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Flask model of the Pythagorean system


Using the celestial sphere apparatus to model the Pythagorean system.

Apparatus and materials

Polystyrene sphere, small

Celestial sphere apparatus as used in the 'Model of the Celestial sphere' experiment

Knitting needle

Sellotape, coloured

Yellow Sun disk

Health & Safety and Technical notes

flask used to model Pythagorean universe

Take normal care with glassware. Keep the model out of sunlight as flask and water can act as a convex lens and produce localised heating.

Earth in flask model

Mount the polystyrene sphere on the needle and insert it through the bung into the flask which is half full of water. Adjust the position of the sphere and the volume of water so that the sphere is at the centre of the flask and in the water surface when the flask is inverted. The sphere represents the Earth.
Invert the whole assembly and place it in a ring on a tripod or attach it to a retort stand. Mark the ecliptic on the flask with a pen or a band of coloured tape (at 23 1/2° to the equatorial plane of the model). Temporarily stick a yellow disc to represent the Sun at various points on the ecliptic.



Show the daily motion of the heavens by rotating the flask about its own axis. Show the progress of the Sun through the seasons of the year by moving it from place to place round the ecliptic whilst the flask is spun for each position.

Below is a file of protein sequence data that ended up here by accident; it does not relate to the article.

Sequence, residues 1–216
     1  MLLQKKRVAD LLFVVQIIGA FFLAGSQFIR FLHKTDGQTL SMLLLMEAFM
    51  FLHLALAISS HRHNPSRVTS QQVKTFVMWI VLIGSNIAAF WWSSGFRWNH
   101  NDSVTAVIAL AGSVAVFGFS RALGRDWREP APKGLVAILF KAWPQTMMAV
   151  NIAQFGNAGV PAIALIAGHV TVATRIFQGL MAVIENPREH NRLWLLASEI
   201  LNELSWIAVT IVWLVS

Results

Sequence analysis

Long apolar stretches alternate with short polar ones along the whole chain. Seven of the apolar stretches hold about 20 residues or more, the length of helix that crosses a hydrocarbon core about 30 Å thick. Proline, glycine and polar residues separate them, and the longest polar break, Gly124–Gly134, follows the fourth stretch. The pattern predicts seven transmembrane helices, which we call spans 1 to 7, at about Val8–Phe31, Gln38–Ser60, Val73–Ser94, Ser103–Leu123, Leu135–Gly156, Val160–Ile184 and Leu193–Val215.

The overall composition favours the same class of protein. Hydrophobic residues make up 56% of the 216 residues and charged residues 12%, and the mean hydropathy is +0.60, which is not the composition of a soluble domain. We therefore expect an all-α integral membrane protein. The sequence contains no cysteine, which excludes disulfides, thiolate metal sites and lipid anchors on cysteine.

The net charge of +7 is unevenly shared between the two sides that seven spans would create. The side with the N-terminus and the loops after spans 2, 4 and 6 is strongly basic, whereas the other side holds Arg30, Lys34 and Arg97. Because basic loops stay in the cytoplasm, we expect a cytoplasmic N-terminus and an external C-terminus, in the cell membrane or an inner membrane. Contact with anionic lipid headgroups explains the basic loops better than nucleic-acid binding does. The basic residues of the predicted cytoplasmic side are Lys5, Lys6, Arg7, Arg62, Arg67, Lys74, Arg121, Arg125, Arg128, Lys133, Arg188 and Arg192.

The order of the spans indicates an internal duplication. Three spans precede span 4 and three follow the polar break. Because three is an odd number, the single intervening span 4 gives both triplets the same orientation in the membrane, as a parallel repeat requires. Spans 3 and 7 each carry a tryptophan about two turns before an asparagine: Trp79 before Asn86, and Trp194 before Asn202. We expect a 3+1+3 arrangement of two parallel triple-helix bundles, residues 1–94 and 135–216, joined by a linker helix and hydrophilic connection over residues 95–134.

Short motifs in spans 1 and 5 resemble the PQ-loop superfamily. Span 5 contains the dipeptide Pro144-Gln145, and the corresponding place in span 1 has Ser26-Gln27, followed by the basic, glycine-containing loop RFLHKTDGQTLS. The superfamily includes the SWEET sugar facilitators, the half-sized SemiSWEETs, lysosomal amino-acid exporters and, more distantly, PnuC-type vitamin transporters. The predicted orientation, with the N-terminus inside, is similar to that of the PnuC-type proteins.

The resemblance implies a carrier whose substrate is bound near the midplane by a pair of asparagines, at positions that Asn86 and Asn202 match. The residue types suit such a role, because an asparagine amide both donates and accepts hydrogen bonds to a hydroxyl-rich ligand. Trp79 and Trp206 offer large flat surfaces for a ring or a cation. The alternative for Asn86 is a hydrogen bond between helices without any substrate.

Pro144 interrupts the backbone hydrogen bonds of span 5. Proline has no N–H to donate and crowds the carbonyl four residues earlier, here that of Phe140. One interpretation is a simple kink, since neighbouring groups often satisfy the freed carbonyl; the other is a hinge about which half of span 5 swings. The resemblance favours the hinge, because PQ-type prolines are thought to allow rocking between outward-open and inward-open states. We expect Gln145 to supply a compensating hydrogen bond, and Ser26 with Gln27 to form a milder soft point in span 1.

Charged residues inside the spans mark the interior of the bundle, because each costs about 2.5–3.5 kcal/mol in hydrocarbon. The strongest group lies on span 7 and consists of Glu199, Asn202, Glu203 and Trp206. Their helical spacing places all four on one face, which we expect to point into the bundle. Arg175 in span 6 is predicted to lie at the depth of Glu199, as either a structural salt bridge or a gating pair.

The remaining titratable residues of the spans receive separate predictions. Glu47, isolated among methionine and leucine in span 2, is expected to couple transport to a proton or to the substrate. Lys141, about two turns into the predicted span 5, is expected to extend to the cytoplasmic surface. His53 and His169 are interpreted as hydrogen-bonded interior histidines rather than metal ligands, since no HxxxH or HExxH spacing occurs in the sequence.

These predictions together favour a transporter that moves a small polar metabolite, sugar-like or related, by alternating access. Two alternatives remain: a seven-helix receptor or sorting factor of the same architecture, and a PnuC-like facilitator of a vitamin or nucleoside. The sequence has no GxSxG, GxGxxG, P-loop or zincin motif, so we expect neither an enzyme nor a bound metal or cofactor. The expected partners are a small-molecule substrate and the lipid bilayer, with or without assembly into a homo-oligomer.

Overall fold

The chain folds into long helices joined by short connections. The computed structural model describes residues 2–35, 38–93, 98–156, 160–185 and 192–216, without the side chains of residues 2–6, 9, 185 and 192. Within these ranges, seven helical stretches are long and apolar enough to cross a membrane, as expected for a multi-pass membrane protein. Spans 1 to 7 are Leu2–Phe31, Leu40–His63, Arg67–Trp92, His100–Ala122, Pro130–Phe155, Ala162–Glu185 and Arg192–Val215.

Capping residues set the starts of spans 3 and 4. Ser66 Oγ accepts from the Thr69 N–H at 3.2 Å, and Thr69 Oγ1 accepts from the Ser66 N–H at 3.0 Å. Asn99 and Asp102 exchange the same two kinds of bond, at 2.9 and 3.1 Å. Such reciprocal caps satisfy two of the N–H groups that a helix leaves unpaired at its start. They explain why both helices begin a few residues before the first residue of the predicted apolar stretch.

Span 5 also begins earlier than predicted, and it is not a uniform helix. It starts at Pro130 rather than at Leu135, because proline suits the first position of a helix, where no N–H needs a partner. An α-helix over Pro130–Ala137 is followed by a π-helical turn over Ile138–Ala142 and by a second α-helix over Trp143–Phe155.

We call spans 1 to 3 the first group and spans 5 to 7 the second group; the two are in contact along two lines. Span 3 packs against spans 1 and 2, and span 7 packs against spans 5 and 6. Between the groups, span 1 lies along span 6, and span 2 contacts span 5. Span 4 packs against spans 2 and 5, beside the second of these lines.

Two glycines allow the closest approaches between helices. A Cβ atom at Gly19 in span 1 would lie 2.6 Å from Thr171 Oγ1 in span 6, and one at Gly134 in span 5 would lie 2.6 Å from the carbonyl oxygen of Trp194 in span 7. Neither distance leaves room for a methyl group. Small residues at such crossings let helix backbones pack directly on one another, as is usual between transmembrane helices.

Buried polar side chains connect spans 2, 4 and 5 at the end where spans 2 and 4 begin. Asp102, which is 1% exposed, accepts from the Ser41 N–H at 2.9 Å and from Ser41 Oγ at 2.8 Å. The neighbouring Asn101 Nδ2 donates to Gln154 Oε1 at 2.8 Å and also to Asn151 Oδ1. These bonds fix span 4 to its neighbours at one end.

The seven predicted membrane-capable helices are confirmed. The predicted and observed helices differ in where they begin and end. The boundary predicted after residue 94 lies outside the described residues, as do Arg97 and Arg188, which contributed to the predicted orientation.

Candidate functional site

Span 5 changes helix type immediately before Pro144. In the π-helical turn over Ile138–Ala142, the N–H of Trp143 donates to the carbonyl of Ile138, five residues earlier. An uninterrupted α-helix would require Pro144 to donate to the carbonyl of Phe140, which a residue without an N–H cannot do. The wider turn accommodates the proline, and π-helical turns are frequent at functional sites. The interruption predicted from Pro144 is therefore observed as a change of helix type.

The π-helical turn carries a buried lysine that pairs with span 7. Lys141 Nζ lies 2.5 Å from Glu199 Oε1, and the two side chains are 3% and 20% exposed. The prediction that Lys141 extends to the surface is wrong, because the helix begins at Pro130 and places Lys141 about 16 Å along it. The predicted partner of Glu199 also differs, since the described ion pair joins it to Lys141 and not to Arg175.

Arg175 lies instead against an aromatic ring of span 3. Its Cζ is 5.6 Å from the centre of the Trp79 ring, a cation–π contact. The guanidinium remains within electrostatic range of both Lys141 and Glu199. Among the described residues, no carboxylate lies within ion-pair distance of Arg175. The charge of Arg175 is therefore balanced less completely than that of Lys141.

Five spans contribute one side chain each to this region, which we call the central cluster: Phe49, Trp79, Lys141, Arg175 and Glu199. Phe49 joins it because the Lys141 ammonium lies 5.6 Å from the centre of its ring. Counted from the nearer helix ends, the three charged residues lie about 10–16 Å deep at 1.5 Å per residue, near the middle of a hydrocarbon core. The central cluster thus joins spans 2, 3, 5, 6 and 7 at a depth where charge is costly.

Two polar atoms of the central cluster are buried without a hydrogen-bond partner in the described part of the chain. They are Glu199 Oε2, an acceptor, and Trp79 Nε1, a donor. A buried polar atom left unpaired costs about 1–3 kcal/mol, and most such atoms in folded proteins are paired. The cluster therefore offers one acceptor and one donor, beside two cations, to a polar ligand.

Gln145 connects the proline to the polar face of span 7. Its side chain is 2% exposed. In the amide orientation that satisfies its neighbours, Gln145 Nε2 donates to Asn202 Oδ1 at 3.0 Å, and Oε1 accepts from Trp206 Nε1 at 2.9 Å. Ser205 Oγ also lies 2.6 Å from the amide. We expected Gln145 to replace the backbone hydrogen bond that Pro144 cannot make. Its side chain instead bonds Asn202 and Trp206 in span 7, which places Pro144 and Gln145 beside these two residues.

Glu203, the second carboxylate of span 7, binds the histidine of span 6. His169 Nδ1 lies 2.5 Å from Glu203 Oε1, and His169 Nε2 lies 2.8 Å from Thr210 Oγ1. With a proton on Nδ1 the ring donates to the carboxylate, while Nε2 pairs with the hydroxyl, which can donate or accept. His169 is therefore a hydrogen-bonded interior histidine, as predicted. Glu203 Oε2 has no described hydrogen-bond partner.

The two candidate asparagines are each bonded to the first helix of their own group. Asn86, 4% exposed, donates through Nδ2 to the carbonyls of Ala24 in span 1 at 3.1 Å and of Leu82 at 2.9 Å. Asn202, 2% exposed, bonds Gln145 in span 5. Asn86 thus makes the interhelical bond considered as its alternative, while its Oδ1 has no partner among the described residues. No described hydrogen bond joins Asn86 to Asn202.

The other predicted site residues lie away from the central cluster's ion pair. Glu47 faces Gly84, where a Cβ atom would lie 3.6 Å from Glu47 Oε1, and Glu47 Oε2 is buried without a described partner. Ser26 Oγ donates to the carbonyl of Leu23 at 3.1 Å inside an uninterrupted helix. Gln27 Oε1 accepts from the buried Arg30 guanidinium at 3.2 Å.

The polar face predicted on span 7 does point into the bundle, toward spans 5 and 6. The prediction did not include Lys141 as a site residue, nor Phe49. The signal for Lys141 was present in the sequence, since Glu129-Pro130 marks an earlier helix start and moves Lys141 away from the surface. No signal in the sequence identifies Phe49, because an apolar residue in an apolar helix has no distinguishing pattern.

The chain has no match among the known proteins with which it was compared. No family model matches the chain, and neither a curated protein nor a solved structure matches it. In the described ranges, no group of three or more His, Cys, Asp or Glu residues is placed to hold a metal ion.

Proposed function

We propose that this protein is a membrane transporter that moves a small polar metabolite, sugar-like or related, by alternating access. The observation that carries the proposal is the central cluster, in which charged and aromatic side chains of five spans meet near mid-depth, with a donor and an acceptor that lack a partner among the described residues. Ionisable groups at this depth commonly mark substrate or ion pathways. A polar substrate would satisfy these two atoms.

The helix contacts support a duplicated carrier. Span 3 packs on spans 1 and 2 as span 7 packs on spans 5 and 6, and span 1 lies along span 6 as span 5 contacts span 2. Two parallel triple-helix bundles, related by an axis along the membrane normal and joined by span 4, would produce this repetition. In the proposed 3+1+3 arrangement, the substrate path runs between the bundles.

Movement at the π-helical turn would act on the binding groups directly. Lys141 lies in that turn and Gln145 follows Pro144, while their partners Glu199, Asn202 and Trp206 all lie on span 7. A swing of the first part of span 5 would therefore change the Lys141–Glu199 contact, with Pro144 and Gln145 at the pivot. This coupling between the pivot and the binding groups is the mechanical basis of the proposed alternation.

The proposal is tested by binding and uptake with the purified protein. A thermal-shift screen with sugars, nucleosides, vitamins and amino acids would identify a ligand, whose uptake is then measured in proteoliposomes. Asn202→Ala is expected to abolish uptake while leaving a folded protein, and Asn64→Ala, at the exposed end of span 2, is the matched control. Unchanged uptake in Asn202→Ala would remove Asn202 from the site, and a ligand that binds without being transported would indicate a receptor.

Teaching notes

1 (See guidance note Early astronomical observations).

Crystal spheres of the Pythanoreans

2 Pythagoras (about 530 BC) developed a more complex model than Thales' model. The Pythagorian School accepted that the Earth was a sphere. The stars and planets were imagined to sit on an imagined scheme of concentric spheres, like shells of an onion, the 'Crystal Spheres'. The outermost spheres carried the stars with the daily motion. Inside were other spheres, each carrying a planet. Starting from the outermost, they were in this order:
In later stages, this model of celestial spheres had all the inner spheres attached to the outermost one, which carried them round with the 24-hour motion. Then the Sun's sphere revolved backwards once a year about an axis on the ecliptic. The spheres for the Moon and other planets all revolved slowly backwards about the same axis; one revolution a month for the Moon; one revolution in 12 years for Jupiter.
This model imitated the motions of the Sun and Moon fairly well but gave only the general motions of the planets, without their retrograde loops.

This experiment was safety-checked in April 2007


Related guidance

Early astronomical observations



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